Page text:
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5 Familiar Bodybuilding Troubles...Which Do You Want To Overcome?

In my 3 decades of training experience I have identified 5 major bodybuilding troubles or problems. These are:-

1 too much...too often and too long. Not taking a complete week off every 3 months...

2 Under eating...Not eating need 6 meals per day minimum...every day, including weekends...

3 Neglecting the window of opportunity for rapid growth by not taking Whey protein and creatine immediately after training...

4 Not stretching properly to facilitate easy growth...

5 Not focussing your mental muscle on who you want to become...


1 too much...too often and too long. Not taking a complete weeks break or rest every 3 months.

This would have to be the most common trouble that hinders many would be successful bodybuilders from realising their full potential. And it's a particularly insidious trouble because we have been taught that to get things in life , we have to work hard. Well that's true to some extent both in life and weight training. In weight training we have to train hard as far as intensity goes...if you want to get big you need to push big weights. But where the problem creeps in is that we apply rules from other places that don't apply to weight training. The rules I am talking about can be best illustrated with an example. I want to grow a big bank account...So I work a few jobs or set up a few businesses that give me multiple streams of income. Hey presto...that hard work and long hours returns lots of money and a big fat bank account.

The problem is when we apply this more is better to weight training, with the underlying premise that if training 3 days per week made me gain 3 pounds of muscle in 8 weeks...then if I train 6 days a week I should be able to put on 6 pounds of muscle in the same time. Or if training 30 minutes per workout made me gain 3 pounds...then if I train an hour and a half(3 x as long) I should be able to put on 9 pounds(3x as much) BIG MISTAKE...BIG TROUBLE...The logic on the surface sounds OK...but the underlying reality is quite different. The only thing the extra training does is burn you out and frustrate you with diminished returns. When I owned and operated my two bodybuilding gyms I used to see this all the time...and you just can't tell some people.

They are so caught up in the belief that more is better that they are too scared to cut back on their routine lest they slip back...the irony is they won't "slip" back...they will actually burst forwards because they are unaware that they are being held back by over stressing their body. Don't get me wrong...hard work isn't bad...and sometimes its the persistence factor that gives (lands) us the big win. But the way to burst through sticking points is not to add exercises or volume (sets, reps)...but to add or increase intensity.( bigger weights...higher resistance...less rest between sets) Now since volume and intensity are inversely proportional, it is only logical that to increase intensity you also need to reduce volume. To overcome this block or obstacle requires you to do less...but make what you do even harder.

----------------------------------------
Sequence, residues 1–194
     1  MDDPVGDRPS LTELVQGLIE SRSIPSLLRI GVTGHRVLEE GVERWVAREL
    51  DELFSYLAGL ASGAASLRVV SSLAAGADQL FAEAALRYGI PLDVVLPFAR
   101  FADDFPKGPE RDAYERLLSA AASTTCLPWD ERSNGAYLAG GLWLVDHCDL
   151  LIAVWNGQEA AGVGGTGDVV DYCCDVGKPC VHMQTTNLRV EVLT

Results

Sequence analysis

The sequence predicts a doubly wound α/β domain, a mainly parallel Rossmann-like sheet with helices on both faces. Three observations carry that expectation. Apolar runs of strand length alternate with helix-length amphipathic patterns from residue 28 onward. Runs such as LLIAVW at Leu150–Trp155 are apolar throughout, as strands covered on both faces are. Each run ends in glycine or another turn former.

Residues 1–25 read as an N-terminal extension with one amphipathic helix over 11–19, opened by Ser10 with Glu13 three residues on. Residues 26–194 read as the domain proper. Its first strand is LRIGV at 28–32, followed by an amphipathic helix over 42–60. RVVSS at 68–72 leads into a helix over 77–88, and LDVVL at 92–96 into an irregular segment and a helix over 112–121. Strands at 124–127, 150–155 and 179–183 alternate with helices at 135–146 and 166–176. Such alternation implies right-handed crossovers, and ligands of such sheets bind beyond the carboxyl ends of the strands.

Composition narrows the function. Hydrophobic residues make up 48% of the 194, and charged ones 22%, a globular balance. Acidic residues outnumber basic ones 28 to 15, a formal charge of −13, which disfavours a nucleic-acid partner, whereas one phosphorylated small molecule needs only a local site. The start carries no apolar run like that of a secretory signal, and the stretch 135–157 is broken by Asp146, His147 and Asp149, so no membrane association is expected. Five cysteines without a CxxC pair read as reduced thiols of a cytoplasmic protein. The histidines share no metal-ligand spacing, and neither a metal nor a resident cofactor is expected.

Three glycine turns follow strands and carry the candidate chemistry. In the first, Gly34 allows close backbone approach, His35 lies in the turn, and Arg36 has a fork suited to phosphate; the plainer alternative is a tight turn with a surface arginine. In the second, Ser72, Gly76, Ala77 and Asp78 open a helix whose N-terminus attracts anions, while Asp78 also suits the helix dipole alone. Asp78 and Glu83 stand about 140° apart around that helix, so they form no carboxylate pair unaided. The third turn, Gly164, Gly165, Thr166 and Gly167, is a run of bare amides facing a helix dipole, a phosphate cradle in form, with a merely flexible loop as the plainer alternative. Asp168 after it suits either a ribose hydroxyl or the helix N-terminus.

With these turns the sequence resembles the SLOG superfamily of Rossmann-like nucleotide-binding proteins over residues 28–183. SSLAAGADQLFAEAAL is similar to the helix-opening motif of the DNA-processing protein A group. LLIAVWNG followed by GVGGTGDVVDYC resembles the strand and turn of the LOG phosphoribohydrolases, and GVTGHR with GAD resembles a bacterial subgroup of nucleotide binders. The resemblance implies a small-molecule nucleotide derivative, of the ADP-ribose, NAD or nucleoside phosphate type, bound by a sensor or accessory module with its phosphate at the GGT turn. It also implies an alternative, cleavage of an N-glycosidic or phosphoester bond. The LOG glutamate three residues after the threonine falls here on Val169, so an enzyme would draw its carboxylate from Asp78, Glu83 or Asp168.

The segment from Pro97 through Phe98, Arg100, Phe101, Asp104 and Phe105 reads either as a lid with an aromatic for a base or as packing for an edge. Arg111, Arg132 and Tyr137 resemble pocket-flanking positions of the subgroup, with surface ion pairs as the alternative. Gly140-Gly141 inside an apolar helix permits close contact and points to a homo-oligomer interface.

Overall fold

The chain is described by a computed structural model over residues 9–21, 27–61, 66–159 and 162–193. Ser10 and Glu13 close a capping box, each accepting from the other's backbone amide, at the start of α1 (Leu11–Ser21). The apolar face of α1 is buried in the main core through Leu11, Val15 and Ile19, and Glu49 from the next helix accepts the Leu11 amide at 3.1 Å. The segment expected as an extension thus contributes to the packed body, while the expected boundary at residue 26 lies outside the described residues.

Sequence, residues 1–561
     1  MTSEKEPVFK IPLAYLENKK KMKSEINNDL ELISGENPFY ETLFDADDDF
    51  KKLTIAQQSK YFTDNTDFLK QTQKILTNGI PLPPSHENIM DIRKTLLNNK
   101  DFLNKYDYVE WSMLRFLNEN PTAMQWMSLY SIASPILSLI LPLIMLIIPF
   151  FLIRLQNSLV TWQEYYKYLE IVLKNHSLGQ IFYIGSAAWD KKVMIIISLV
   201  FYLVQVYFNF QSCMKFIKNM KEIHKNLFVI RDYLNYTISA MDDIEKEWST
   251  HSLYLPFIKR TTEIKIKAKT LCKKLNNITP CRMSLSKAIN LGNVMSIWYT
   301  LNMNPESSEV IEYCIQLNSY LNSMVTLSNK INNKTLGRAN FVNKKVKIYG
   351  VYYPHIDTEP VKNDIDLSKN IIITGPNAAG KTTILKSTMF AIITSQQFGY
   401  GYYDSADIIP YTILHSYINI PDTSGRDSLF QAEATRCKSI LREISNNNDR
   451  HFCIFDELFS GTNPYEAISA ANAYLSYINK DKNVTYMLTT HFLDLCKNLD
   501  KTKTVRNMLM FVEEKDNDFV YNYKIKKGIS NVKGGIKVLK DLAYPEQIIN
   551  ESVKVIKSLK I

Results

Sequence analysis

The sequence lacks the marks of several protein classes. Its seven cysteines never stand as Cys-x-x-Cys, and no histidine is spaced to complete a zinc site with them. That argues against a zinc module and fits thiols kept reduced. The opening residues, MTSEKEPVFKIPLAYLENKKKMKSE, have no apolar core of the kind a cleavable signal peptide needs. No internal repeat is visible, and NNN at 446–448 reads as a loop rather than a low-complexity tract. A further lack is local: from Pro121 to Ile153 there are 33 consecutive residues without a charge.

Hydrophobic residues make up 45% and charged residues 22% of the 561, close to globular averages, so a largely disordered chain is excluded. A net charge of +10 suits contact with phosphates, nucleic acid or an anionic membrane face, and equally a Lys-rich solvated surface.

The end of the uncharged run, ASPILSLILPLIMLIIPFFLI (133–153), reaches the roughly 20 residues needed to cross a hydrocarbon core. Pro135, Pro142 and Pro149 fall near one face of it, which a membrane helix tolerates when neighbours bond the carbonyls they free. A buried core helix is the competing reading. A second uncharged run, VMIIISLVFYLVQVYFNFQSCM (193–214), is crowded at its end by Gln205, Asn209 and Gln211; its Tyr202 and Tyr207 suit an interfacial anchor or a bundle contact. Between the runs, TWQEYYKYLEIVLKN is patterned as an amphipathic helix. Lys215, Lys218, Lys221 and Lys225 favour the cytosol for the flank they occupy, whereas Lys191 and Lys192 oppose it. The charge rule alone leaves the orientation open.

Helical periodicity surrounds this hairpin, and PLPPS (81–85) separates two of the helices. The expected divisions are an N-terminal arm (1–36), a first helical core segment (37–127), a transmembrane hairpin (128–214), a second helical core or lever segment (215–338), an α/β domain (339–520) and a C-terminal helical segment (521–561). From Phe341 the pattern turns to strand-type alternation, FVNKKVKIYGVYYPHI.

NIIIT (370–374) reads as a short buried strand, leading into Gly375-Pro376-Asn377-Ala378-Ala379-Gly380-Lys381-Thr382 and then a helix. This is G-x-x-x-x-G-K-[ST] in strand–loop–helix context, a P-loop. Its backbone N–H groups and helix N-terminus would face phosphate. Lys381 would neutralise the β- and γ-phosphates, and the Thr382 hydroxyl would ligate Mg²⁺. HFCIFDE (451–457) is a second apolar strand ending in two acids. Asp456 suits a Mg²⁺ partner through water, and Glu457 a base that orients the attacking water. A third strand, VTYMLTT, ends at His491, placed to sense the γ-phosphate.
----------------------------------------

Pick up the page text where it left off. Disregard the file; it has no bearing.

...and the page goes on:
Another trouble related to this is the myth that as you become more need to train more. Nothing could be further from the actually need to train less (but smarter...with more intensity) The reason for this is because although your strength and size becomes greater over time...your recovery ability does not increase to the same extent...your ability to recover improves only marginally compared to your ability to get stronger. Why does this happen? Think of it this way...when you first started and had, for example 12" arms...

If you did a set to failure of bicep curls, the amount of stress being inflicted on your total body wasn't that great because 12" arms don't require that much blood flow and the small muscle cell size isn't much of a drain on your energy or nervous system. However, when your arms have grown to say 18" and you do a set to failure...the weight will be huge compared to when you were a beginner...and the subsequent drain on the bodies total energy system and the shock effect this has will be immense. Although your strength may have improved by over one hundred percent, your bodies ability to recover won't have...your arms might be 50% greater in size...but your capacity for recovery won't have increased by 50%(more like 30% maximum)... and this leads to the condition of overtraining that we are talking about. So as you become more advanced...keep thinking of ways to make your training harder (more intense) but shorter in duration and less in volume.